Mar. 10, 2002

Grandfather's Cars

by Robert Phillips

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Poem: "Grandfather's Cars," by Robert Phillips from Spinach Days (The Johns Hopkins University Press).

Grandfather's Cars

Every two years he traded them in ("As soon
as the ashtrays get full," he said with good humor);
always a sedate four-door sedan, always a Buick,
always dark as the inside of a tomb.

Then one spring Grandfather took off to trade,
returned, parked proudly in the driveway.
"Shave-and-a-haircut, two bits!" blared the horn.
Grandmother emerged from the kitchen into day-

light, couldn't believe her eyes. Grandfather sat
behind the wheel of a tomato-red Lincoln
convertible, the top down. "Shave-and-a-haircut,
two bits!" "Roscoe, whatever are you thinking?"

she cried. Back into the kitchen she flew.
No matter how many times he leaned on that horn,
she wouldn't return. So he went inside,
found her decapitating strawberries with scorn.

"Katie, what's wrong with that automobile?
All my life I've wanted something sporty."
He stood there wearing his Montgomery Ward
brown suit and saddle shoes. His face was warty.

She wiped her hands along her apron,
said words that cut like a band saw:
"What ails you? They'll think you've turned fool!
All our friends are dying like flies-all!

You can't drive that thing in a funeral procession."
He knew she was right. He gave her one baleful
look, left, and returned in possession
of a four-door Dodge, black, practical as nails.

Grandfather hated that car until the day he died.

It's the birthday of playwright and screenwriter David Rabe, born in Dubuque, Iowa (1940), whose play-writing career began after his return from duty in the Vietnam War. He wrote his first two plays about the war. In 1971, his first play, Pavlo Hummel, was produced by Joseph Papp, the director of the New York Shakespeare Festival's Public Theater. Two of his most well known plays are In the Boom Boom Room (1973), about a Philadelphia stripper, and Hurlyburly (1984), about drinking, drug abuse, and loveless sex in Hollywood.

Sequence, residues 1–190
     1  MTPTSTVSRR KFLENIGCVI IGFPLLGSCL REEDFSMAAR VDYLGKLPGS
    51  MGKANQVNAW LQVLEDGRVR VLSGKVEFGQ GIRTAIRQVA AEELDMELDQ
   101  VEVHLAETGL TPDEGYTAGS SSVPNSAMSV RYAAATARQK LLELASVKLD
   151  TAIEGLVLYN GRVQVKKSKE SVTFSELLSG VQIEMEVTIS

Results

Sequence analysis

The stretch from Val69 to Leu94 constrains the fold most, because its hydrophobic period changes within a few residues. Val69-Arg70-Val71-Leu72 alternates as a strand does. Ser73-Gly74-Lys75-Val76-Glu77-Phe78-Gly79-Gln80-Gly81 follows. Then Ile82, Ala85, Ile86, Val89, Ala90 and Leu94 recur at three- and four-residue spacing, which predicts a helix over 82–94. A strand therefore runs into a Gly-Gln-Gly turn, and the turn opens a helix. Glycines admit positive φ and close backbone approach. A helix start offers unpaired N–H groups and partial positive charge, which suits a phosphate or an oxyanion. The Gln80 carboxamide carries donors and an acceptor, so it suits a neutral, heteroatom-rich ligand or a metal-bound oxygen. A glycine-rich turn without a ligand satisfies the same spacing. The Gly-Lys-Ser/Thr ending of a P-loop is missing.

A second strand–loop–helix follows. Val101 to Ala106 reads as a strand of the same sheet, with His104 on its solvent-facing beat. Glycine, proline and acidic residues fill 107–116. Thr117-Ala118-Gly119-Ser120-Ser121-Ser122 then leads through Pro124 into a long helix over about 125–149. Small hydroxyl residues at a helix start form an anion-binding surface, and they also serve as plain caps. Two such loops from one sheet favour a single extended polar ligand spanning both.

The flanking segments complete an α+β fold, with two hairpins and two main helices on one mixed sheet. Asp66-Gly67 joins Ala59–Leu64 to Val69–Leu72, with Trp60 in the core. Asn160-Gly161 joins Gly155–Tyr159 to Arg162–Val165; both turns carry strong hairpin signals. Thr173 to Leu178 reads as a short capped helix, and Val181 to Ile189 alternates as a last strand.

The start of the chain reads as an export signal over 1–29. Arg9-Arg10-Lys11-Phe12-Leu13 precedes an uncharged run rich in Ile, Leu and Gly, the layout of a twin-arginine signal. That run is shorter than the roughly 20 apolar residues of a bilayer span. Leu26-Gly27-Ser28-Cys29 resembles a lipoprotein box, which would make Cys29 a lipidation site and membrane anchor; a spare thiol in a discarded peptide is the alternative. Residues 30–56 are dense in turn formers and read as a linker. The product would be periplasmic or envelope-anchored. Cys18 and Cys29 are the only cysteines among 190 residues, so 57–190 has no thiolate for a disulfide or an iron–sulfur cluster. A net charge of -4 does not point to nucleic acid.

It's the birthday of jazz cornetist Bix Beiderbecke, born in Davenport, Iowa (1903). He never learned to read music well, but he had an amazing ear even as a child. By the age of three he could play the piano, and at fourteen began to play the cornet. He parents disapproved of his musical leanings, and sent him to a military school outside of Chicago. The plan backfired, however, as Beiderbecke skipped school most of the time, and sat in with the Chicago jazz bands of the time. He was eventually expelled from school, and in 1923, joined the Chicago-based band, The Wolverines. He made several recordings with them in 1924. He became a soloist with Paul Whiteman's Orchestra. He had a unique style of playing about which guitarist Eddie Condon once said, "Bix's horn sounded like a girl saying yes." His musical success, however, was overshadowed by his heavy drinking. In 1929 the problem became so bad that Beiderbecke was forced to leave the orchestra and return home to Davenport. He died in 1931 at the age of twenty-eight. Beiderbecke was the inspiration for the popular novel of the 1930s written by Dorothy Baker, Young Man with a Horn.

It's the birthday of philosopher, critic, linguist and writer Friedrich von Schlegel, born in Dresden, Germany (1772). His real influence began when he and his brother co-founded the magazine Athenauem. In it, Schlegel put forth his ideas about Romanticism; he was the first to use the term in a literary context.

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